Science: The Musical
CHRIS BORN is reasonably entertained by this scientific musical.
Corpus Playroom, 9.30 PM, February 18th-22nd, £6/5.
“Who could have thought science could be so dramatic?”, quips our main character Janice (Alana Mailes) in a lull between musical numbers. I am not so sure. A bright script executed with some lacklustre performances left a frustrated, confused impression.
The story itself is easy enough to follow: Janice, a “young enthusiastic graduate student”, has been accepted to speak at a conference, but she has one problem – she doesn’t have a subject to speak on. Her compelling journey to form a presentable paper is the source of drama for our evening, though we quickly become aware that the writer (Andrew Goldman) is not aiming for a character-driven dramatic piece. Science is fun!–or so we are led to believe, at least for the next fifty minutes.
This is, to an extent, achieved: the songs do move the story and characters along whilst remaining light and witty, and there is plenty of variation. Songs can spring out of nowhere at times, considerably slowing down the pace of the plot–the Professor’s (played by Goldman) musical number towards the end of the show begins abruptly and quite awkwardly, for instance. This demonstrates the key problem I had with the play: it was difficult to tell if it was deliberately playing up its awkwardness. The lyrics were certainly well used to this end, with a wordiness and sense of timing (look out for a wonderful joke about Lapwing) that played off the musical format. Similarly, the persistent optimism of the geeks-cum-backing dancers contrasted well with the unusual songs. Singing performance was uneven, but charming enough to successfully tread the line between being awkward and endearing.
The acting of the central characters, however, is more questionable. The pace of dialogue is frustrating at times, some lines laboriously inserting themselves one after the other without enough intent. Director Abi Palmer hasn’t been able to elucidate the quick-fire timing the script could use to come alive, though the actors certainly have their moments. John King as Janice’s fellow graduate Simon is a good example, executing lines like “I have a theory…that you love me” with a sincere silliness. On the whole, however, they suffer from a surfeit of bad ticks and habits. Both Mailes and Goldman would benefit from a serious consideration of their eye-lines–the tech desk seemed to hold an intermittent fascination for the two actors–as well as rogue hand positions and general posture. Frequent glances to the audiences and small bouts of corpsing further contributed to this awkward effect. Ultimately it needed more energy and needed to be more focused on engagement with the audience.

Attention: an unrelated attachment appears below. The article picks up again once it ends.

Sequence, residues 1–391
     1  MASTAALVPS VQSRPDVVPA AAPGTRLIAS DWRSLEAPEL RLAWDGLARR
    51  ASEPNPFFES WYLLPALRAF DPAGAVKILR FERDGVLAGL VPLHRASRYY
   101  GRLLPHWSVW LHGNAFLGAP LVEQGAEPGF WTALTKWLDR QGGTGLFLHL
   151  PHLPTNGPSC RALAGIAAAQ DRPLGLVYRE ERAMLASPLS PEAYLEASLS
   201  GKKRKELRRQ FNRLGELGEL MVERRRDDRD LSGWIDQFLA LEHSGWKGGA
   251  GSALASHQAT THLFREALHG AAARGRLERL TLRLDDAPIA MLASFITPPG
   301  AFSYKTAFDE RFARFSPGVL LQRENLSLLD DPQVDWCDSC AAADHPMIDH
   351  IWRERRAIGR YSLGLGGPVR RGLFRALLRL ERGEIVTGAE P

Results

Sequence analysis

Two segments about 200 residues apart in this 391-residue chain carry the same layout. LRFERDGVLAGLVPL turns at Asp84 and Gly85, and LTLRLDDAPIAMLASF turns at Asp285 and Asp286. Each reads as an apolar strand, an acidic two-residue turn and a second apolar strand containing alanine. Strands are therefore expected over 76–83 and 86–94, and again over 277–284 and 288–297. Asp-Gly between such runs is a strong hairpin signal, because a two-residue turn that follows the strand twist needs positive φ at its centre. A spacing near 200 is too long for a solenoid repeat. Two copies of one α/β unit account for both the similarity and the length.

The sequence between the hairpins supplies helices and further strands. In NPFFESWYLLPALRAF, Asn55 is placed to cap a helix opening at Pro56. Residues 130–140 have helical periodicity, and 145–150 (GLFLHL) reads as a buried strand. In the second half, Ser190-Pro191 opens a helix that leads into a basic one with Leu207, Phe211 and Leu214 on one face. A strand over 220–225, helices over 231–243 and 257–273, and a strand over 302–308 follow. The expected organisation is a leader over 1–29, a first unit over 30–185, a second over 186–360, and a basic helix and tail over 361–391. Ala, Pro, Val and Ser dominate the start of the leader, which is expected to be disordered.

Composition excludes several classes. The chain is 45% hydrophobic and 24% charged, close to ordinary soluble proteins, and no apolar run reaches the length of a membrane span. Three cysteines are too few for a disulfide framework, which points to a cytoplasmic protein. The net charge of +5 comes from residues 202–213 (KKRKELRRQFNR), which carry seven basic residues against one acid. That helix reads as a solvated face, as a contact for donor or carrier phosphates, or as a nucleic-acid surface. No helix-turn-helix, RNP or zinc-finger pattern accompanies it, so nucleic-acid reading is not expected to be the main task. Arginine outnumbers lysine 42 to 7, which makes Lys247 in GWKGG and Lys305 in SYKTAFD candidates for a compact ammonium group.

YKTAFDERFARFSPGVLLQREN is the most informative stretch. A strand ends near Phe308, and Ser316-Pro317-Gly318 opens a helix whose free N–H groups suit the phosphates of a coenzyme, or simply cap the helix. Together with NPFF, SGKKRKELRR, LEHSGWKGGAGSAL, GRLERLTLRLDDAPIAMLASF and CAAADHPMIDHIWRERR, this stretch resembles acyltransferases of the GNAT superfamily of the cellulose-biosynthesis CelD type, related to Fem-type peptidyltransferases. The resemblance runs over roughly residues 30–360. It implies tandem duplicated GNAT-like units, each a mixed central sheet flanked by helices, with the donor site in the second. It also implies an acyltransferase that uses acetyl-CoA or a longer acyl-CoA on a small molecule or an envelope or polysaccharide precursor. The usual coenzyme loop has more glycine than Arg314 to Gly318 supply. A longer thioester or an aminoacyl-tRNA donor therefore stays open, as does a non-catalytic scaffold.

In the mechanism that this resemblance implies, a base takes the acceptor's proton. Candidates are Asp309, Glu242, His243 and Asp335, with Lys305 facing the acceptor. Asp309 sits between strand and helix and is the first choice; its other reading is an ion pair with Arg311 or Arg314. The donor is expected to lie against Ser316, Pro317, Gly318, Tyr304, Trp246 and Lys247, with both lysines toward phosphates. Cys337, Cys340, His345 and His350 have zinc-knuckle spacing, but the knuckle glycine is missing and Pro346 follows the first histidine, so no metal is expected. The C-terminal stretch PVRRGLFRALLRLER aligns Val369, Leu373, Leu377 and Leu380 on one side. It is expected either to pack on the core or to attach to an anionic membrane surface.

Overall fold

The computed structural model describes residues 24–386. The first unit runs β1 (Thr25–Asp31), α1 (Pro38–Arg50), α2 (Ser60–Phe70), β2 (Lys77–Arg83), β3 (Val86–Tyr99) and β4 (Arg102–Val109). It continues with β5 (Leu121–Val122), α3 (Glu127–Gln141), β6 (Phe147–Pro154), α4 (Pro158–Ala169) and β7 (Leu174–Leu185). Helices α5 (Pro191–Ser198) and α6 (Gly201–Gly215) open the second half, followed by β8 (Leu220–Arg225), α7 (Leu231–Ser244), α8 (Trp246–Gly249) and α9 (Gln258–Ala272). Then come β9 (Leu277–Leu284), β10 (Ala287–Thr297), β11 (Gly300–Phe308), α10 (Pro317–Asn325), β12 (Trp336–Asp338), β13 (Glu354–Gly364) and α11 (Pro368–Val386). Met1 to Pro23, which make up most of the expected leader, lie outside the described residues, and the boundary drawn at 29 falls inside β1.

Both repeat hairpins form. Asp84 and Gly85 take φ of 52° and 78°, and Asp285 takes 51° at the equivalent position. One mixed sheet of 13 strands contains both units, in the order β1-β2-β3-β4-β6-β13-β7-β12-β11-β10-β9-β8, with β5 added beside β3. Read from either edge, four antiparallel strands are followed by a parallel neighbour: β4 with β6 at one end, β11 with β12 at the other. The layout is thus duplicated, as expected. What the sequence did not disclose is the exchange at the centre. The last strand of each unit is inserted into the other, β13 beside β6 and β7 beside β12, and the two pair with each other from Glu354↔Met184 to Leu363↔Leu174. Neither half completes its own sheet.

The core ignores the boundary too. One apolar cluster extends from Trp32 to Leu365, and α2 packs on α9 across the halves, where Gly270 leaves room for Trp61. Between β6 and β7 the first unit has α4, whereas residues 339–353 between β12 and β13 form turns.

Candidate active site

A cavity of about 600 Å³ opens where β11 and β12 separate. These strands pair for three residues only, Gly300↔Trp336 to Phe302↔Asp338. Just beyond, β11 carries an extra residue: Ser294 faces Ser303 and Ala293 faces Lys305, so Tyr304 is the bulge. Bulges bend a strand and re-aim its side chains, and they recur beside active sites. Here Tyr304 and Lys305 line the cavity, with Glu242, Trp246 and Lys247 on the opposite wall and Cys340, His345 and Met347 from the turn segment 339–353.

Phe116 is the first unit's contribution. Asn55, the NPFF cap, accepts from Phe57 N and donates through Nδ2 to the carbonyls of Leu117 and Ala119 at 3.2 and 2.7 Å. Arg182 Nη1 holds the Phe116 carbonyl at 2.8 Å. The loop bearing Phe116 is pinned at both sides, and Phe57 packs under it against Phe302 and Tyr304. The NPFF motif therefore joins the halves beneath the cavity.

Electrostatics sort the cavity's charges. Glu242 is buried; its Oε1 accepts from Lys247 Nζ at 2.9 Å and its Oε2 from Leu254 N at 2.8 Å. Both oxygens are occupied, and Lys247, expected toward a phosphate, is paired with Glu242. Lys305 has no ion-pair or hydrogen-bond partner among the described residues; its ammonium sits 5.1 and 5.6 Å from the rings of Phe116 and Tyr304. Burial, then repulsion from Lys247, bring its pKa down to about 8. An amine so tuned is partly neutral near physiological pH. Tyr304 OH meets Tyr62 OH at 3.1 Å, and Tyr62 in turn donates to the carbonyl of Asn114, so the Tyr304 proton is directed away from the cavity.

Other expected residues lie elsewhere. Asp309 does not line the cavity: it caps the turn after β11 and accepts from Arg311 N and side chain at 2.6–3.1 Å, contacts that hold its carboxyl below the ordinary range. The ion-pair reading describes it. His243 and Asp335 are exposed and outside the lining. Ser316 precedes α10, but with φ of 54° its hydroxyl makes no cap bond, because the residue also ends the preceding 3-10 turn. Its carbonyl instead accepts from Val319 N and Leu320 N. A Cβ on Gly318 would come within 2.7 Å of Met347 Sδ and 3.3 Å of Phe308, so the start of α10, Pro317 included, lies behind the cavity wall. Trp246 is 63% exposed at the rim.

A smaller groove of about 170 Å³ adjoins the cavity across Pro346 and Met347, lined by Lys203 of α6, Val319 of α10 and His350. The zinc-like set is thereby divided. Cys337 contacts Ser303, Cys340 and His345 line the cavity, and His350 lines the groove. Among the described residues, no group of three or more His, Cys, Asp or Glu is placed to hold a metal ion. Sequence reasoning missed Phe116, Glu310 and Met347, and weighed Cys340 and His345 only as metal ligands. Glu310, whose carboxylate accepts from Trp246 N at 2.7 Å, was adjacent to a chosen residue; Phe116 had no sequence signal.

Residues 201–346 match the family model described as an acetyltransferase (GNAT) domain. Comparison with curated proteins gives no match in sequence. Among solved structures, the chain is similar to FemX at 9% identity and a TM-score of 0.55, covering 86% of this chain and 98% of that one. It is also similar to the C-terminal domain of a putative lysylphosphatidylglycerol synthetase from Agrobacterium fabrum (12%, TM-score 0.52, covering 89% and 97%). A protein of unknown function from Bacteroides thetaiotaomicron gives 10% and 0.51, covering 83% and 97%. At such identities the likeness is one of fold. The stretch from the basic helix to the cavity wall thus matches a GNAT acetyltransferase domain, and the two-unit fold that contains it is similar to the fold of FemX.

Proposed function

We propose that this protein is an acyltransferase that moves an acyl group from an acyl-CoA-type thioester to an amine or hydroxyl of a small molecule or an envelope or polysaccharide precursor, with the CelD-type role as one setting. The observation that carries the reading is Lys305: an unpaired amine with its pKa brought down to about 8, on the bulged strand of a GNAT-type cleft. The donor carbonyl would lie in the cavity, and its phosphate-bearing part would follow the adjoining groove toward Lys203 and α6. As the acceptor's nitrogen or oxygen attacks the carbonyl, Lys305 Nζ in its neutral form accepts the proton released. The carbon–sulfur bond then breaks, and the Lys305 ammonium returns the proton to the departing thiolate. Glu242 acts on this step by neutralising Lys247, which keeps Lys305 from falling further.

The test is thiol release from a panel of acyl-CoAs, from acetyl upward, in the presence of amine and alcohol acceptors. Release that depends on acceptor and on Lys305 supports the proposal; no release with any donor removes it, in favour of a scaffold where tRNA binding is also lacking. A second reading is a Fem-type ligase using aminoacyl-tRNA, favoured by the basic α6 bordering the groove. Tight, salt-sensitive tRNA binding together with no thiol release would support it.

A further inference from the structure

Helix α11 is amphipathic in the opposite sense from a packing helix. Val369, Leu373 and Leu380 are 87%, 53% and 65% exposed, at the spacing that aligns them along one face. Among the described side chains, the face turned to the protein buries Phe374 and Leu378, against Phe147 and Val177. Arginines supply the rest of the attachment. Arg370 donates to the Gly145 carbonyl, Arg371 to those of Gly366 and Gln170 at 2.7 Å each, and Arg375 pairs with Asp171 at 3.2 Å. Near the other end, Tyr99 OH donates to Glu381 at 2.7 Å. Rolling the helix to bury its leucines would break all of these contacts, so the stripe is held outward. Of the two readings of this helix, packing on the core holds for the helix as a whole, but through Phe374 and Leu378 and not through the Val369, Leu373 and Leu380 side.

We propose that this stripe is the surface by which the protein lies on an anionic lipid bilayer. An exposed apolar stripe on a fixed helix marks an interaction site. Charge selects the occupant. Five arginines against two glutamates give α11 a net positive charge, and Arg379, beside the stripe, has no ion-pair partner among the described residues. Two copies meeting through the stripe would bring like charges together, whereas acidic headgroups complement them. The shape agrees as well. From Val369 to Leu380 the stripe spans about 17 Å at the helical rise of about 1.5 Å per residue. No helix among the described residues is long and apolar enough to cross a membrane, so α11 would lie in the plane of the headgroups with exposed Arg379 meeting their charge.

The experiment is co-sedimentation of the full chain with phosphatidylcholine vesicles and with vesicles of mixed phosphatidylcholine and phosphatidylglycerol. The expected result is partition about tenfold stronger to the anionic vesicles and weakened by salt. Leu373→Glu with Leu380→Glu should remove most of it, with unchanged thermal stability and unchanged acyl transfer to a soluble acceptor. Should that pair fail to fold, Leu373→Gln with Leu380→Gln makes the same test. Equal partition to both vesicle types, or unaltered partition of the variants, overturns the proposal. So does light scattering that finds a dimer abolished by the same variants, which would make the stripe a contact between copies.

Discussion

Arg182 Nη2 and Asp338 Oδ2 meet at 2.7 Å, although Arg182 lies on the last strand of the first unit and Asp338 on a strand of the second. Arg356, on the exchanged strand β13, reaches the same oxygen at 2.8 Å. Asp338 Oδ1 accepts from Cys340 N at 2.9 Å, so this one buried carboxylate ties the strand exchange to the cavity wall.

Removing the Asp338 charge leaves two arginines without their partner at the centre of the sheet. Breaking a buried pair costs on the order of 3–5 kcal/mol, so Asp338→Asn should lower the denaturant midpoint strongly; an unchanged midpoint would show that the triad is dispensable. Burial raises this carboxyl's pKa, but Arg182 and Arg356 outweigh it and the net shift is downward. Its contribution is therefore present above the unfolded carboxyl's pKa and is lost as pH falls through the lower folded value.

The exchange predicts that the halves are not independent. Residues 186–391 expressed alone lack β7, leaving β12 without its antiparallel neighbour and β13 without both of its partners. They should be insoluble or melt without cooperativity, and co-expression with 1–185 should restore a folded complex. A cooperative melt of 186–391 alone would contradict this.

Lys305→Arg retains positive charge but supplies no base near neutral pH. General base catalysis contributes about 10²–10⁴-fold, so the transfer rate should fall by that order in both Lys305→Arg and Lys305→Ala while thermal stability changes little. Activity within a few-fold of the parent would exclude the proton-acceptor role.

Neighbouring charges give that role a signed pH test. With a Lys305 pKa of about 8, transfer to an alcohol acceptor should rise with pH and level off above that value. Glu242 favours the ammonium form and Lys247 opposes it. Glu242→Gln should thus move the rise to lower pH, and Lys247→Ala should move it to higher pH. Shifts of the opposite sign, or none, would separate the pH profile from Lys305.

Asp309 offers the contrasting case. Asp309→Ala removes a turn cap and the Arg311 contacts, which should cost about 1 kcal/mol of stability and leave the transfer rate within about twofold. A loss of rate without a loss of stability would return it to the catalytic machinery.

No doubt this awkward style may be a part of the show’s comedy–other members of the audience certainly embraced this aspect. Goldman’s sense of humour may not be to this reviewer’s taste, but when executed alongside more showy elements, it definitely falls flat. Indeed, far from disliking the jokes, I found myself chuckling throughout–they are a considerably positive aspect of the show, understandable even to humanities students, but this was sadly countered by some sluggish performances.